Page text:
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If you thought Dell were going to be moving away from the consumer space in the midst of their effort to go private, don't worry - Michael Dell has your back. The company founder said there's no reason to worry in a company memo that Dell published through the SEC.
Dell has said to his employees that the company will "significantly increase investment" in PCs and tablets once they go private. He hasn't exactly laid out the company plans on the table, but he has said that there will be a shift away from valuing gross margins, which is a great thing. This means that the company won't take in as much profits, but they'll want to drive sales of their products in other ways - experimentation, marketing, pushes into developing markets, and more.
Google's privacy director has announced internally that she is stepping down from her post with intentions to retire. Alma Whitten became Google's first director of privacy in 2010 after being an engineer with the company. Her job was to oversee future products and prevent the release of products that invaded privacy too much.
Whitten will remain with the privacy team for a few more months as Lawrence You transitions to her position. You is based in Mountain View, California and has been a Google engineer for eight years.
Google said in a statement:
During her 10 years at Google, Alma has done so much to improve our products and protect our users. The privacy and security teams, and everyone else at Google, will continue this hard work to ensure that our users' data is kept safe and secure.
Apple has announced that its Q2 2013 financial results call will take place on April 23. On that day, Apple's second quarter results will be detailed and investors will be scrutinizing the company's performance. Will Apple's stock price increase or decrease after the announcement? Let us know in the comments.
The call will take place at 2PM Pacific and 5PM Eastern and will be available via the Internet.
A judge has ruled that users do not have the right or ability to resell songs purchased through iTunes as one might do with used CDs or DVDs. This is one of the on-going arguments that relate to digital media and ownership. Much like software, it would appear that users are granted a license, rather than an owned copy, to use a song.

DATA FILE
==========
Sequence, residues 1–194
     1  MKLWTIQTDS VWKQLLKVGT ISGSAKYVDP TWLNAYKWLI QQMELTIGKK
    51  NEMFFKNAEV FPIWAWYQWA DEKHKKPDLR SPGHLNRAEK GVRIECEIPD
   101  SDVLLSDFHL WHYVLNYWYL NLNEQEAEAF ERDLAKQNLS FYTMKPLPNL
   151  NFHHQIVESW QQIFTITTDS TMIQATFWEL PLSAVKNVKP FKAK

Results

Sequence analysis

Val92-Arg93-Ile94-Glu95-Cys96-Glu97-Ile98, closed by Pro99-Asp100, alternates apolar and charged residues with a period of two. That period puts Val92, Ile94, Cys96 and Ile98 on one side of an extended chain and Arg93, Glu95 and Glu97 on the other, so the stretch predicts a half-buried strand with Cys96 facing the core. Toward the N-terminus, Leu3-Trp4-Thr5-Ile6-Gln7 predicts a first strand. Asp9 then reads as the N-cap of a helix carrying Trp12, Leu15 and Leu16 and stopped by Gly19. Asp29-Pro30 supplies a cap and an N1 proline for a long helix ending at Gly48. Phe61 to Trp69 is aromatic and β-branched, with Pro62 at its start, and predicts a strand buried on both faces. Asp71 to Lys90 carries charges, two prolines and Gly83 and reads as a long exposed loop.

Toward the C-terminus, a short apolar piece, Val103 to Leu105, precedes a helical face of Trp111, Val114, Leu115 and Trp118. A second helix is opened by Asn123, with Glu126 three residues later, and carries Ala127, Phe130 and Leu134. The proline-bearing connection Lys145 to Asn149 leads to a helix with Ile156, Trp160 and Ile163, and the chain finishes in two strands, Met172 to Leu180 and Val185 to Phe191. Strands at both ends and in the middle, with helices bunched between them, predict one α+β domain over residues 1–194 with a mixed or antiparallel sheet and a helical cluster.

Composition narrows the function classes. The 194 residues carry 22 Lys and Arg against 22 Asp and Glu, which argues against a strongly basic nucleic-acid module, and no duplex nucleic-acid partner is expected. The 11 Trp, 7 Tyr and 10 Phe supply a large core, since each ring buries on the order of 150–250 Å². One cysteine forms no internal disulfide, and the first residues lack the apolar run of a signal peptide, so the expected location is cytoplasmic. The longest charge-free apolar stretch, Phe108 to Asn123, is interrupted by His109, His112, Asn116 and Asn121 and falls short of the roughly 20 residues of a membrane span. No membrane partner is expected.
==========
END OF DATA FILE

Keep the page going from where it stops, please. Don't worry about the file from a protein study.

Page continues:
This ruling comes about from a lawsuit between ReDigi and Universal Music Group's Capitol Records. Universal sued the start-up saying that the company was violating the former's copyrights by enabling users to resell purchased iTunes music.
U.S. District Judge Richard Sullivan's ruling says that (paraphrased) without explicit permission from a copyright holder, you are not allowed to resell a digital media file. The full decision is available US' Archive site.
This morning Sony has announced that it will be merging its Japanese and Asian divisions into a single streamlined unit. This merger comes after lower than expected quarterly financial reports for the first quarter were released.
Sony's gaming division lost 15.1-percent in sales over the same period last year and the company posted a net loss of $124 million overall. The new division will reportedly be called Sony Japan Asia and will be headed up by Senior Vice President Hiroshi Kawano with current SCE Asia president Hiroyuki Oda becoming the deputy president.
Other Japan and Asia management are being shuffled around inside the new division with some managers remaining in their regional post and others seeing a merger of regions. Sony has also set up a new Asian Network Planning Department as well as restructured its Product Management and Loan Management positions.
Facebook have received permission from the authorities of Menlo Park to build a second campus which will be designed by Frank Gehry. The second campus will be built near the current Facebook campus, on a new 22-acre site west of Bayfront Expressway in California.